There are many challenges that parents face when dealing with an emotionally abusive partner. What do you tell your children, and how do you help them cope with what is happening? Lenne’ Hunt provides some answers and insight on how to help your kids cope with separation.
How to Help Your Kids Cope with Separation
Separation and divorce are challenging for everyone involved, especially when children are in the picture. Parents often grapple with the dilemma of what’s best for their kids when their marriage is on rocky ground. The COVID-19 pandemic has only intensified these concerns, making it essential to address them effectively. In this article, we’ll explore strategies for helping your children cope with separation while maintaining their emotional well-being.
What to Tell Kids
The way you communicate with your children during a marital crisis plays a pivotal role in their emotional development and resilience. It’s crucial to validate their perceptions while providing a stable and secure base. Here’s what you should keep in mind:
1. Acknowledge Their Reality: When your kids come to you with questions or concerns about the conflict they’ve witnessed, don’t dismiss their perceptions. Acknowledge that there are difficulties in the marriage, but be mindful of how much detail you share. The level of information should match their age and maturity.
2. Normalize Healthy Conflict: Conflict is a natural part of any relationship, including marriages. However, it’s essential to differentiate between healthy disagreements and toxic arguments. Let your children know that disagreements are normal, but disrespectful and harmful behaviors are not.
3. Offer Unconditional Love and Stability: Regardless of the marital situation, reassure your children of your unwavering love for them. Emphasize that their well-being remains a top priority, and your presence in their lives will remain stable.
What Not to Do
While supporting your children through a difficult time, avoid the following pitfalls:
1. Denying the Problem: Denying or gaslighting your children’s perceptions can be harmful. It invalidates their feelings and can lead to confusion and emotional distress.
2. Involving Them in Adult Conflicts: Protect your children from witnessing intense adult conflicts or becoming pawns in marital disputes. Shield them from the worst aspects of the conflict to maintain their emotional safety.
What’s Best for Kids with Regard to Separations in Marriage
Separations come in various forms and serve different purposes. From a child’s perspective, what’s best often hinges on the overall impact on their well-being. Here’s what you should consider:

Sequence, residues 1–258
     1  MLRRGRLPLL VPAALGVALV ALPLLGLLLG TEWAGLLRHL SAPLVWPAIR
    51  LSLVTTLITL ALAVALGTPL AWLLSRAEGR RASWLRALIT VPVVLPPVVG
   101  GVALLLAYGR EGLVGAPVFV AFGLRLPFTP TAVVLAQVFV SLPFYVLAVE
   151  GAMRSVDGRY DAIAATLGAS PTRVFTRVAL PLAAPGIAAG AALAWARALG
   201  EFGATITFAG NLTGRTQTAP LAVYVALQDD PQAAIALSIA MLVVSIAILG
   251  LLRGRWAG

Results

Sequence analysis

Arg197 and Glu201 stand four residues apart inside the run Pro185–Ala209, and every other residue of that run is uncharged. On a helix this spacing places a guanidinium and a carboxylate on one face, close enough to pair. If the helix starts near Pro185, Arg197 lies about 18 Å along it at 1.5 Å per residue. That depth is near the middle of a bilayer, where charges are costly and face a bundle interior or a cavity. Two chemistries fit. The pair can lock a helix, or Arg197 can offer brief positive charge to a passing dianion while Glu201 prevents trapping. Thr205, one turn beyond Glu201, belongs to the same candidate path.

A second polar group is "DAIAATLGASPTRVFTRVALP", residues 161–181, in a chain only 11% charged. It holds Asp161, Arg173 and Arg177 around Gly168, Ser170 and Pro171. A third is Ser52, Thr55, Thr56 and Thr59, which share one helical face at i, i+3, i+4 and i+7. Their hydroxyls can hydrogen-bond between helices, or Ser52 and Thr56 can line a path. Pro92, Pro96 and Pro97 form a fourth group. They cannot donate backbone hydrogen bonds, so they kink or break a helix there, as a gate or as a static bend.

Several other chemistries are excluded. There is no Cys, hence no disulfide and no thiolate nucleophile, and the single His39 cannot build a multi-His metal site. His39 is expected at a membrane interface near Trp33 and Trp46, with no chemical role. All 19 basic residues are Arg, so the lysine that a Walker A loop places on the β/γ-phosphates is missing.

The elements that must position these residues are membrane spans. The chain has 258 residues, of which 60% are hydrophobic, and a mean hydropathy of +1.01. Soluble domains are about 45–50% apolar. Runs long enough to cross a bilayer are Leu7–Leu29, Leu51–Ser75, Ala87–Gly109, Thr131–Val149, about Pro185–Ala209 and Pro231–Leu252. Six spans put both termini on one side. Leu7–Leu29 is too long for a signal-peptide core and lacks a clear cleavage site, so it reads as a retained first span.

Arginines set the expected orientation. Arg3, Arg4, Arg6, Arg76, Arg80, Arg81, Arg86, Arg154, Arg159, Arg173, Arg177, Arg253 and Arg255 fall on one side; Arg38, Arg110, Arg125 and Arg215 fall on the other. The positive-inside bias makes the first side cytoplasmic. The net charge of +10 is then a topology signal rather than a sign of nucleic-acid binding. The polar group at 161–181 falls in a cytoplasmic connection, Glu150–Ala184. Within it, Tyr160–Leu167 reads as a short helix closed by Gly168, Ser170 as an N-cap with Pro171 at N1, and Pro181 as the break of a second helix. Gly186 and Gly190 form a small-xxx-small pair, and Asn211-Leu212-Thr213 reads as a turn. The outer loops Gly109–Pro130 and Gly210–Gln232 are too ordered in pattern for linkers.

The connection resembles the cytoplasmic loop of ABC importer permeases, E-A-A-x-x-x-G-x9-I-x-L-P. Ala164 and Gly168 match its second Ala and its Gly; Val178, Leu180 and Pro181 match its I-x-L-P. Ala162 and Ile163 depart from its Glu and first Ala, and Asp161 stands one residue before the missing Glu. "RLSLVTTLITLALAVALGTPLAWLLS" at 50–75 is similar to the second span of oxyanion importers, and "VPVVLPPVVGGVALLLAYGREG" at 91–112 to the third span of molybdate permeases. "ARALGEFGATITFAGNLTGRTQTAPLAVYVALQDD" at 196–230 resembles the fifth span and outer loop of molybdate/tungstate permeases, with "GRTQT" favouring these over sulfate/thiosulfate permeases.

1. Children’s Access to Both Parents: Separation inevitably leads to changes in children’s daily routines and access to both parents. While it’s ideal for children to have regular contact with both parents, it’s also essential to prioritize their emotional safety. Physical violence or emotional abuse should never be tolerated.
2. The Impact of a Broken Home: Growing up without one parent in the household can leave a void, but staying in a toxic marriage can also negatively shape a child’s perception of relationships. Children often model their future relationships based on their parents’ behaviors, so it’s essential to consider what you’re teaching them.
3. The Potential for a Cooperative Separation: If both partners can cooperate and prioritize the needs of the children, it’s possible to minimize the negative impact of separation or divorce. Effective co-parenting and open communication are key factors in achieving this.
Helping your kids cope with separation during marital conflict is a complex and emotionally charged process. It’s crucial to strike a balance between validating their feelings and maintaining a stable and loving environment. While separation and divorce may have consequences, staying in a damaging environment can be equally harmful.
Remember that seeking professional guidance can provide you with the tools and strategies necessary to navigate this challenging time effectively. The well-being of your children should remain at the forefront of every decision, even during the most turbulent moments of your marriage.
Also read: How to Set Boundaries with Toxic People
About Dr. Hawkins:
The internet is inundated with hyperbole and misinformation about narcissism, leaving many people confused and hopeless. Get the facts on narcissism and emotional abuse from someone who has been researching, writing about and treating narcissism and emotional abuse for over a decade.
Dr. Hawkins is a best-selling author and clinical psychologist with over three decades of experience helping people break unhealthy patterns and build healthier relationships.
He is the founder and director of the Marriage Recovery Center and the Emotional Abuse Institute which offers education, training and counseling for people who want to break free of, and heal from, emotional abuse. Whether the perpetrator of the abuse is your spouse, partner, parent, boss, friend or family member, we offer practical advice for anyone trapped in a toxic, destructive relationship.
In addition to narcissism & emotional abuse, you’ll learn about the lesser known forms of abuse, including covert abuse, reactive abuse, spiritual abuse, secondary abuse, relationship trauma and much more.